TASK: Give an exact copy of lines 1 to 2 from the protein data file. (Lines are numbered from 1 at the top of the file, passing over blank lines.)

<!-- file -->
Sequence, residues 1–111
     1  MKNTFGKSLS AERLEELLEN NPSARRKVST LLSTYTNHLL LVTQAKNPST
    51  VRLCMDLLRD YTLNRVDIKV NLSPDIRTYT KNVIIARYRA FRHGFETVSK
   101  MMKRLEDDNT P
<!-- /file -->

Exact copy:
Sequence, residues 1–111
     1  MKNTFGKSLS AERLEELLEN NPSARRKVST LLSTYTNHLL LVTQAKNPST